WHILE THE WEST has known for some time that the Soviet economy is in serious trouble, the full extent of its failures is only now becoming visible. A new survey published last week by four international agencies now becomes the authoritative Western analysis. A product of the new Soviet openness, it was written by economists who have been given unprecedented access to Soviet sources. They report total Soviet output to be about one-tenth the United States' -- much lower than the previous consensus -- and declining sharply. The Soviets are sliding into a real depression.

This report was commissioned to answer questions about aid for the Soviet Union, and how it might be given most effectively. The leaders of the seven industrial democracies disagreed about that at their summit meeting last summer and asked for this joint assessment by the four agencies: the World Bank, the International Monetary Fund, the Organization for Economic Cooperation and Development and the new European Bank, which is being set up explicitly to provide Western help to the post-Communist economies.

Their answer is pretty blunt. Aid ought to be strictly conditioned, they say, on sweeping reforms in the Soviet Union. Not only that, but these reforms are going to have to be carried out very fast if they are to have any hope of success. There's no way to do it gradually. Easier said than done, President Gorbachev might reply, as he thinks about Poland, where the government that tried precisely that strategy has just been overwhelmingly voted out of office. Radical reform isn't a painless treatment.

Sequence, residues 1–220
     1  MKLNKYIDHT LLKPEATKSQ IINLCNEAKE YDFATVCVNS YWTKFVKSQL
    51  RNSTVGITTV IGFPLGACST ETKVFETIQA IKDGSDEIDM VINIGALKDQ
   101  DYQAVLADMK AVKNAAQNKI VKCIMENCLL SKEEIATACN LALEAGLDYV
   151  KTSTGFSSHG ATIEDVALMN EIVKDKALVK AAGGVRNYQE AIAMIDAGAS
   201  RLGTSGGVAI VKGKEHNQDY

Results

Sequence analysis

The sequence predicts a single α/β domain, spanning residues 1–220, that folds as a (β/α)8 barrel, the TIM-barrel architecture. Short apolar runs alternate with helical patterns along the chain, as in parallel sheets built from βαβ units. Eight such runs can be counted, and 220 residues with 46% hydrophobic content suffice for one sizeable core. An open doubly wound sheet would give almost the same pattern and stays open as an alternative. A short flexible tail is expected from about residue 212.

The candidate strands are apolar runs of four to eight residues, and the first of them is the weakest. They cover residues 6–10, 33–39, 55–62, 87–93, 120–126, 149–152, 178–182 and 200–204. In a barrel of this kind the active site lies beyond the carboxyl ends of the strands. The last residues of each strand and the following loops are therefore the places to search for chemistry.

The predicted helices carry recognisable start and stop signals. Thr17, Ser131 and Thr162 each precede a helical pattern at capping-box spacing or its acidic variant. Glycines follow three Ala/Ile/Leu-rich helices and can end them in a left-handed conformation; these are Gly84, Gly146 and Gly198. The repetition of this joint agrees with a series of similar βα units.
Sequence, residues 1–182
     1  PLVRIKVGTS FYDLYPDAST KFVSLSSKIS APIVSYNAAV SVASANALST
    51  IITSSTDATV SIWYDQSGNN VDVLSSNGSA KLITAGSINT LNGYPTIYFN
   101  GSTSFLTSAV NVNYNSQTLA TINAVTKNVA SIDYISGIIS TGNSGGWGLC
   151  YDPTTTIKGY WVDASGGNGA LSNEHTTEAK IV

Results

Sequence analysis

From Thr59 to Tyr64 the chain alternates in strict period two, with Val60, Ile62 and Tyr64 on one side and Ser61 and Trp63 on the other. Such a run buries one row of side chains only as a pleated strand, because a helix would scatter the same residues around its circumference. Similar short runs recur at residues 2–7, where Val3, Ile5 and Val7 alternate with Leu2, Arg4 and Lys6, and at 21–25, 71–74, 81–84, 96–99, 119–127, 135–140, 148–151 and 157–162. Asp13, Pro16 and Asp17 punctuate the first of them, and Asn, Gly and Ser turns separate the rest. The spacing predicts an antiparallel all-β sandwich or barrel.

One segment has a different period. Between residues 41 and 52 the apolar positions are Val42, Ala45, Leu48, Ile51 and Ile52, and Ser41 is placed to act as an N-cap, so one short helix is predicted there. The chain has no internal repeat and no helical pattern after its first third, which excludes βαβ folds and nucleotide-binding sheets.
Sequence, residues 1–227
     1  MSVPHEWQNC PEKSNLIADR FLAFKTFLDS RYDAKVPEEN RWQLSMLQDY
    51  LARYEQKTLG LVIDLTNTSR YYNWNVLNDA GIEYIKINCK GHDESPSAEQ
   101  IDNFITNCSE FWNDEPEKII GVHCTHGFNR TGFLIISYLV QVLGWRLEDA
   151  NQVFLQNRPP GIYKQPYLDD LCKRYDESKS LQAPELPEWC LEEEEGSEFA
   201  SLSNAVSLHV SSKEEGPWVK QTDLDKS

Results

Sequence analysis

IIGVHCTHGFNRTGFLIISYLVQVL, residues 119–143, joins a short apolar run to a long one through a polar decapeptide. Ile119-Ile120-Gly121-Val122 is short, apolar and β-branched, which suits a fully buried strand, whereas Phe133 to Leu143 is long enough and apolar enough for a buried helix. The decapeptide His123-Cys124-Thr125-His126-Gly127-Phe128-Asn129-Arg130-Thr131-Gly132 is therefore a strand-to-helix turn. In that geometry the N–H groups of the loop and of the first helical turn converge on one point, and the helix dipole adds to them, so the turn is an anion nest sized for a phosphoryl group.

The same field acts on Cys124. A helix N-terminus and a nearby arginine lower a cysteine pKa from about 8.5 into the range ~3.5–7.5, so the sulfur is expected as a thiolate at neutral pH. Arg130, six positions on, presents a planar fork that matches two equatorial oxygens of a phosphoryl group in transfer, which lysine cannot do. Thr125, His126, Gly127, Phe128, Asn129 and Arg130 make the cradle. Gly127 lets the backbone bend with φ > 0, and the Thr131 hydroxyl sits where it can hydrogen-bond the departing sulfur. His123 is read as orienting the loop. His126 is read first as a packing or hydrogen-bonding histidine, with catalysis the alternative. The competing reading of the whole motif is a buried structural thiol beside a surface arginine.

In terms of aid, at present most of the West is thinking above all about food. Those photographs of empty shelves in the Moscow stores, as winter arrives, have left a strong impression. The four agencies' report concedes that food aid could alleviate distress if it could be delivered to the regions most in need of it. But rapid reform could do more.

The Soviets have had a big harvest this year, and the present shortages arise largely from gross inefficiencies in processing and distribution (and, although the report doesn't mention it, hoarding). The Soviets' food imports, it observes, are roughly equal to their wastage and loss. The food shortages alone make a powerful case for reform. Wastage of perishables accounts for perhaps 40 percent of the crop. Food prices have been held constant since the early 1960s, through a quarter of a century of inflation and rising production costs. Returns to the producer are poor, while the subsidies required to keep prices low have built an uncontrollable deficit into the state budget, speeding up the inflation rate.

This report gives excellent advice, but it doesn't help Mr. Gorbachev much. He knows that reform is urgent. But he evidently thinks that economic necessity may not be politically possible. He fears an explosive reaction if he abolishes food subsidies, as the Poles did, and lets prices float up to market levels. The real threats to the Soviet economy are not, ultimately, a matter of economics.